The Prince of Wales joined a group of school children learning about newts when visited a nature reserve to celebrate its 30th anniversary.
Charles chatted to the youngsters who were being taught about the amphibians when he visited Kingcombe Meadows Nature Reserve near Dorchester in Dorset.
The heir to the throne is a keen supporter of wildflower meadows and he also toured Lady's Mead - selected as one of the nation's Coronation Meadows to mark the 60th anniversary of the Queen's Coronation in 2013.
The project, led by the prince, has created a new meadow in every county in the UK in a bid to address the loss of the habitat.
Over 97% of the country's wildflower meadows have been lost since the Second World War - amounting to nearly 7.5 million acres.
During the visit, wellies were on offer for the prince - but he decided not to wear them. However, he did use a walking staff to aid his progress across the land.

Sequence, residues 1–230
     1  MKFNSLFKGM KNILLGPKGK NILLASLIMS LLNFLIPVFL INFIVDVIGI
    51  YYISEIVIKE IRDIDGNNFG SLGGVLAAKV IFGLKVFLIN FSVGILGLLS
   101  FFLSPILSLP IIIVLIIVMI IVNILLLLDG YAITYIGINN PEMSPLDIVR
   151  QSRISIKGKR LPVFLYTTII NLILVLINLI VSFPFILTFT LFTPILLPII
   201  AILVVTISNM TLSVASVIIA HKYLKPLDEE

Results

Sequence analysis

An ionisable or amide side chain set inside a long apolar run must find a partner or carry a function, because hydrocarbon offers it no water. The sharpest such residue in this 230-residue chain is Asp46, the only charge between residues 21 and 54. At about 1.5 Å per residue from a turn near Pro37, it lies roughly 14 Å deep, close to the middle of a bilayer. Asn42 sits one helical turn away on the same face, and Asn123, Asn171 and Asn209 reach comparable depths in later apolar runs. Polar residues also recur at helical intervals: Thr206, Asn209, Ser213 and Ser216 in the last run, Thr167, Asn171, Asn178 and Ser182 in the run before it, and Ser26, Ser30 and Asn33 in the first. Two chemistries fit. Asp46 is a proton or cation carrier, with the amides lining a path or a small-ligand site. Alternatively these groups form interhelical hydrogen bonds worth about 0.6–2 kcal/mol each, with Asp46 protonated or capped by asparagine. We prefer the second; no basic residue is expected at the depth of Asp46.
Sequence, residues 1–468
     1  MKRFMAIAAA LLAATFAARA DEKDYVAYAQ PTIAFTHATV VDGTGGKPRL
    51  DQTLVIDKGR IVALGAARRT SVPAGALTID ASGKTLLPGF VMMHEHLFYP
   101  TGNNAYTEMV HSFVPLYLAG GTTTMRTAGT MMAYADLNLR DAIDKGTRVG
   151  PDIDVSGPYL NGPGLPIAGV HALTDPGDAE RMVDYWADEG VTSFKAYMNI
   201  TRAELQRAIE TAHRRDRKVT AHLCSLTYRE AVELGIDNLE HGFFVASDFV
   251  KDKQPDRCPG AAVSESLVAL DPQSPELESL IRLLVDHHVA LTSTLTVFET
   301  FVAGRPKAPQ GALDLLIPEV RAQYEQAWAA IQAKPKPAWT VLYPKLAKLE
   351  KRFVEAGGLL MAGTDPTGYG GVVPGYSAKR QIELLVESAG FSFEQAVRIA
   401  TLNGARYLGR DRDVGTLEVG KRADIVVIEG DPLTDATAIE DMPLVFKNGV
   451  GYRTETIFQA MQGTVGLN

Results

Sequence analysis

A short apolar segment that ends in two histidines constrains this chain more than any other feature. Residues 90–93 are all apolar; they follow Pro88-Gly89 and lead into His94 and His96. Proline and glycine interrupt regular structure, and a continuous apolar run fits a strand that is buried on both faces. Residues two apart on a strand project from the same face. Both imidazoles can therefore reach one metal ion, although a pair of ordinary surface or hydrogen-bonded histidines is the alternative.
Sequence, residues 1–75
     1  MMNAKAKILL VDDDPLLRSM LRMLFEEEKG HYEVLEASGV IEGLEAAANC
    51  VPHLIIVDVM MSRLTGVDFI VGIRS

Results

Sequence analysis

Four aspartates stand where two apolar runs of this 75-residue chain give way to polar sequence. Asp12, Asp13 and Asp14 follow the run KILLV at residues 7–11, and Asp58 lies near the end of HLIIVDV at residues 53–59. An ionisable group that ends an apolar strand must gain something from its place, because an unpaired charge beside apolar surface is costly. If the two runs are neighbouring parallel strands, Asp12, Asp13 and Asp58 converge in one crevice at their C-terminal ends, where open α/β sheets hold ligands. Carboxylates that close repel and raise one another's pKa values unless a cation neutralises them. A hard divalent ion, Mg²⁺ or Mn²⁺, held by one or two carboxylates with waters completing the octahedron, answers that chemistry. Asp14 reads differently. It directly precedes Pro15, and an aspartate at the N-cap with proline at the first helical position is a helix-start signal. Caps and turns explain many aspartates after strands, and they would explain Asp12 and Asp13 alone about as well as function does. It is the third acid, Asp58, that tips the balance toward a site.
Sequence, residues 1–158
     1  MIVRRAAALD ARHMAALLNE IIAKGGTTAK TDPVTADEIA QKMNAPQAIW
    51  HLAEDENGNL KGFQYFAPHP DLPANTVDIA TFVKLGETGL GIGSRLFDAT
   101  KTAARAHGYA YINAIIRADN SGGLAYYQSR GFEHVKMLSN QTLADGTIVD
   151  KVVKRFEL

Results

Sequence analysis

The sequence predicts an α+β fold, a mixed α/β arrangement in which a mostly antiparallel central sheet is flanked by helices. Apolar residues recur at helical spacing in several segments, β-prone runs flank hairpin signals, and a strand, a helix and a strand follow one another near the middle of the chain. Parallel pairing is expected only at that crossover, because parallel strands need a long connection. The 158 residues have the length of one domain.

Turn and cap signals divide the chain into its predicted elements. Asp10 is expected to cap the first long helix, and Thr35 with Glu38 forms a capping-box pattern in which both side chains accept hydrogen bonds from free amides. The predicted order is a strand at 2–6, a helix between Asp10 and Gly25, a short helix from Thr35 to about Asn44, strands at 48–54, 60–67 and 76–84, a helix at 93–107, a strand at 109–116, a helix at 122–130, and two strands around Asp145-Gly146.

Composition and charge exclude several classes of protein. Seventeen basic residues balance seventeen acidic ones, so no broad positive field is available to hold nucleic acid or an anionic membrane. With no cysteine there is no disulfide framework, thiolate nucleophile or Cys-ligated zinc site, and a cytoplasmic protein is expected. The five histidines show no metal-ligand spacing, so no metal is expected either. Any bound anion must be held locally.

Seeds from Lady's Mead have been used to create and restore meadows across West Dorset, to help secure the UK's wildflower heritage for the next 60 years.
Dorset Wildlife Trust (DWT) runs the 327-acre reserve which was last visited by Charles in 1988 when he donated funds from the Duke of Cornwall's Benevolent Fund to repair fencing and gates.
Simon Cripps, DWT's chief executive, said: "Today we were delighted to show the Prince of Wales the improvements and changes we've made since his last visit to the nature reserve, nearly 30 years ago.
"We are proud to run a traditional farm, grazed by cows and sheep, without the use of pesticides or artificial fertilisers to encourage good quality grassland, supporting a diverse abundance of wildflowers.
"The nature reserve and centre are both core parts of the local community and contribute greatly to helping DWT achieve its aims to spread the conservation message, and help people learn about how engaging with wildlife can improve their lives."